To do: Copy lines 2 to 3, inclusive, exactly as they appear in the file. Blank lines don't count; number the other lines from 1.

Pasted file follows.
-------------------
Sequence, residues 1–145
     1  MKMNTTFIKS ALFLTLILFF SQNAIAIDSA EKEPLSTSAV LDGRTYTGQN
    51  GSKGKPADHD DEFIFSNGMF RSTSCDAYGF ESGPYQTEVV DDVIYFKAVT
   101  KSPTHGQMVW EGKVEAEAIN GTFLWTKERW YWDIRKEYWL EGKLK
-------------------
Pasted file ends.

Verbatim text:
     1  MKMNTTFIKS ALFLTLILFF SQNAIAIDSA EKEPLSTSAV LDGRTYTGQN
    51  GSKGKPADHD DEFIFSNGMF RSTSCDAYGF ESGPYQTEVV DDVIYFKAVT